Oh no! Its time of the month again. We go head on and endure the pain that comes with the disposable of our uterine line. But some may not be able to bare the pain at all because it is just too much to handle. Period pain has different stages of pain – mild throbbing and pre-labor pain, right? On top of that, tender breast, monstrous mood swings and back aches, goodness, you start questioning and wishing you were a man! Don’t worry, we are here today to see how we can avoid gender transition, sticking to being a women and go through the time of the month gracefully – at the same time keeping the people around us safe from our mood swings!
You go through this every month but do you know what actually happens down there? During your menstrual period, the uterus contracts to aid in the expelling of its lining. The “thing” that is responsible for the pain is a hormonelike substance called prostaglandin. The prostaglandin is involved in pain and inflammation trigger the uterine muscle contractions. So, the higher the level of prostaglandins, the more-severe the menstrual cramps!
But there are a few other factors contributing to menstrual cramps. Menstrual cramps can also be caused by:
- Endometriosis. The tissue that lines your uterus becomes implanted outside your uterus, most commonly on your fallopian tubes, ovaries or the tissue lining your pelvis.
- Uterine fibroids. These noncancerous growths in the wall of the uterus can cause pain.
- Adenomyosis. The tissue that lines your uterus begins to grow into the muscular walls of the uterus.
- Pelvic inflammatory disease. This infection of the female reproductive organs is usually caused by sexually transmitted bacteria.
- Cervical stenosis. In some women, the opening of the cervix is small enough to impede menstrual flow, causing a painful increase of pressure within the uterus.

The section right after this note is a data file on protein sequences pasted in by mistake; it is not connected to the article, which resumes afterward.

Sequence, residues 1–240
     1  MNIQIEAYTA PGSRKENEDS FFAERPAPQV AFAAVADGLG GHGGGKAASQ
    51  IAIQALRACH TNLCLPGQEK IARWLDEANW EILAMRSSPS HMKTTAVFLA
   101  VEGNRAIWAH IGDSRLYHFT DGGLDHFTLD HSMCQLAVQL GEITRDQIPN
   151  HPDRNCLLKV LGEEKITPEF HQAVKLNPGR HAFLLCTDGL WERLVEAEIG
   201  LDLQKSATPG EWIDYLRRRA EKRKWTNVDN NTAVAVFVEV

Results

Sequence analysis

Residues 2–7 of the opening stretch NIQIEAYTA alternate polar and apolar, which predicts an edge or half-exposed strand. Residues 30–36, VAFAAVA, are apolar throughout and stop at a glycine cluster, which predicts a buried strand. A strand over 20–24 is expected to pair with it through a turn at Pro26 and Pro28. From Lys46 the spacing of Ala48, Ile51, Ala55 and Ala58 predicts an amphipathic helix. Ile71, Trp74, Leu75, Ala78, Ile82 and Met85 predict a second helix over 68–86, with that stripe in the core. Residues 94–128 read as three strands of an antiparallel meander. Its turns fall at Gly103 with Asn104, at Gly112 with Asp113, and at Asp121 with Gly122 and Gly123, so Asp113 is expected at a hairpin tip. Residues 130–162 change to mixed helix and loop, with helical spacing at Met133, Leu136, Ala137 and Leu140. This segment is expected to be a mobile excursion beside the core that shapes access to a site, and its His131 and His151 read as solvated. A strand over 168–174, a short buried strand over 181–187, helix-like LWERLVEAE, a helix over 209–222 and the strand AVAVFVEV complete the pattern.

Some other factors that you might be at risk of menstrual cramps if:
- You’re younger than age 30
- You started puberty early, at age 11 or younger
- You bleed heavily during periods (menorrhagia)
- You have irregular menstrual bleeding (metrorrhagia)
- You have a family history of menstrual cramps (dysmenorrhea)
- You smoke
Fortunately, this can be overcome, not totally, but at least, to tone down the heat.
1. Supplement Yourself with Shaklee OsteMatrix and GLA Complex Combo
Take OsteMatrix which contains calcium and magnesium throughout the month, as these nutrients work in concert to aid muscle relaxation. Hence, elevating your mood and keeping you happy! You should aim for a total of about 1000mg of calcium daily, and up to 500mg of magnesium daily. GLA Complex can help you regulate your menstrual cycle, as well as reduce PMS and increase fertility.
2. Try a Tea
Raspberry leaf is considered to be a mild uterine tonic. Try a cup of raspberry leaf tea each day throughout the month. Keep in mind you are looking for the herbal tea, not raspberry-flavored black tea! If you can’t look for raspberry leaf tea, chamomile, fennel or ginger.
3. Add More Greens into Your Diet
Dark leafy greens are a dietary source of magnesium, calcium, and countless other micronutrients. These nutrients are essential for mediating muscle contractions. In Chinese dietary therapy, dark green vegetables are also considered to be mildly cleansing, which is what the body needs in a “stagnation” condition. Some greens such as dandelion greens (very bitter, but very helpful) also have a mild diuretic effect, which reduces bloating.
4. Cut Down on Coffee
Caffeine, especially from coffee, is a well-known vasoconstrictor – it makes blood vessels constrict. Indeed, it may cause the vessels that feed the uterus to tighten more than they do in non-coffee drinkers. If you’re a diehard coffee drinker and can’t cut it out entirely, try avoiding it just in the week before your period and see if you notice a change.
Beat that monthly mood swings and be happy and go through the month with ease! Contact Mommy J for more information on the issue, its FREE! And for special monthly deals, and best prices for Shaklee supplements all year round!
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